Being aware of and taking a stand against racial injustice in the United States does not give anyone the right to ignore ethnic discrimination at home, nor can it be used as a badge of respectability, tolerance, and open-mindedness.
Slovakia’s ethnic challenges
Let’s take Slovakia as an example, a country with many ethnicities, from Slovaks to Hungarians, Vietnamese, Roma, Rusyns and more. Depending on who you ask, some will say they face no discrimination whatsoever, while others, on the contrary, will have countless examples in mind of situations where they’ve been discriminated against, whether due to language, skin tone, living conditions, etc.
As a member of the ethnic Hungarian community, I can easily say for my part that I’ve been discriminated against in the past, especially because of my mother tongue. Slovaks could say the same if venturing into majority Hungarian regions.
That is, however, nothing compared to the prejudices faced by the Roma community, arguably the most discriminated group in Slovakia, and Central Europe as a whole.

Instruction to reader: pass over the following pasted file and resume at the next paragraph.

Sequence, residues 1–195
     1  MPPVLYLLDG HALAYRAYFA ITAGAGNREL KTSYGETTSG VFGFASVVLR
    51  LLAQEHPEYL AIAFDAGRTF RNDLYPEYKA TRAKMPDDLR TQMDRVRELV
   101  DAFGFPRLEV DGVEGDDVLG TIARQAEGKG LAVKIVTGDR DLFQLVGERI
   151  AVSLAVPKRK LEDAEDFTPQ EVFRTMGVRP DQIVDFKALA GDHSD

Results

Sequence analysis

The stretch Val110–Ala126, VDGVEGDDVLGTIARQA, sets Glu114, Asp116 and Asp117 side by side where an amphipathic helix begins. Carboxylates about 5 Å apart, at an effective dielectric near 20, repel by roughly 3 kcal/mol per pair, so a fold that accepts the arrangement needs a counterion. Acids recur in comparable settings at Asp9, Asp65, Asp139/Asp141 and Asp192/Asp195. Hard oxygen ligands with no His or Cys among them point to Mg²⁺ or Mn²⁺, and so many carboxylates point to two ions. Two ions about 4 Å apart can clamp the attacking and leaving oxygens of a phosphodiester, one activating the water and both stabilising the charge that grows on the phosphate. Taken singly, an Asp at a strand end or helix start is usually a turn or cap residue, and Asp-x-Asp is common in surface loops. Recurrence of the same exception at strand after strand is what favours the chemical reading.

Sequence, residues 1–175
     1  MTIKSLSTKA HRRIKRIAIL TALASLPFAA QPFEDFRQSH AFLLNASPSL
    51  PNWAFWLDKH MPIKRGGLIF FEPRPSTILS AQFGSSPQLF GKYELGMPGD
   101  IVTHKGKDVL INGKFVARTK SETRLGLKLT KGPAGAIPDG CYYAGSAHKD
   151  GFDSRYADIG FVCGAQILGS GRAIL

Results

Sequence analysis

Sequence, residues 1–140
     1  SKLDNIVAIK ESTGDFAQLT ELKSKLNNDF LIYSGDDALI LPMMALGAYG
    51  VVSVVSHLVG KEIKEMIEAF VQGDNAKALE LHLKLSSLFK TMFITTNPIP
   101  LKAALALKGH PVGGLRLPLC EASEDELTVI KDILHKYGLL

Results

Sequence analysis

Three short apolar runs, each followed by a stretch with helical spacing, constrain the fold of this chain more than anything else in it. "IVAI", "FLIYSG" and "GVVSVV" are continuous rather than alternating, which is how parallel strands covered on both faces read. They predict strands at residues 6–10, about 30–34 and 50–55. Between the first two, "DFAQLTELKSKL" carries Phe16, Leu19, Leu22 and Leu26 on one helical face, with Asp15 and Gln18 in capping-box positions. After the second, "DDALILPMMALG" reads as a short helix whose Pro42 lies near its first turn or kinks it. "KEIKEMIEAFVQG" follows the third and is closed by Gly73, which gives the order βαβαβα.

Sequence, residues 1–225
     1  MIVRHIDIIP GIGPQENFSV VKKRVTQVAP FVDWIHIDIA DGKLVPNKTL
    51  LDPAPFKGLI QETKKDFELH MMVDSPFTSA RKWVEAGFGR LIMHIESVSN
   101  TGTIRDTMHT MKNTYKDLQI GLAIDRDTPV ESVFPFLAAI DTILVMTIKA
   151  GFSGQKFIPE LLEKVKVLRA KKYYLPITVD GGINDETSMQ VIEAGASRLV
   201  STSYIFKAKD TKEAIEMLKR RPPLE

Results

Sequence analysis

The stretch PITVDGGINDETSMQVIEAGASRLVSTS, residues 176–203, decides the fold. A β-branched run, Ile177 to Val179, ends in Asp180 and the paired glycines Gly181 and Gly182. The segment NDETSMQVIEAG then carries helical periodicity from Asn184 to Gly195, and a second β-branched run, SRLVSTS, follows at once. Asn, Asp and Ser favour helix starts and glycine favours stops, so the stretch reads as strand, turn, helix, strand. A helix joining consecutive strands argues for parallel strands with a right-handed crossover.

According to the Project Implicit research done by Harvard University, which is only one of the many studies pointing to deeply-engraved racially-biased attitudes in Central-Eastern European countries and which measures people’s spontaneous and unconscious associations with various items, individuals in the Czech Republic and Slovakia – as well as Hungary and Poland to a lesser extent – are more prone to associate blackness or a darker skin tone with negative concepts such as “bad” or “evil”.
Racism against Roma people in Central Europe is widespread. According to a poll, nearly 80% of respondents in Slovakia held a negative opinion towards the Roma. At the same time, a strong majority (62%) also said that they should be treated more fairly, while less than 20% would be inclined to help them. Out of all of these, nearly 64% agreed with negative stereotypes, such as that “there aren’t many decent or sensible Roma in Slovakia” – beliefs that many top political leaders are often only too happy to accentuate.
“We, too, are citizens of Slovakia”
A highly educated Roma and ministry employee from Slovakia, Mikulas details his experience as follows: “Yes, I experience discrimination on a daily basis here. Whenever I go to the local shop in sweatpants for some bread, the cashier has a noticeably worse attitude and tone towards me. People also often say that I’m different than them, or they’re surprised that I can speak Slovak at all. In Bratislava, a lot of people think that I’m a foreigner.”
Veronika, a now retired grandmother of three, shares some similar experiences as a Roma. “Even during communism, people with darker skin colour were not perceived well. This did not change with the regime change, and it might even have become worse.”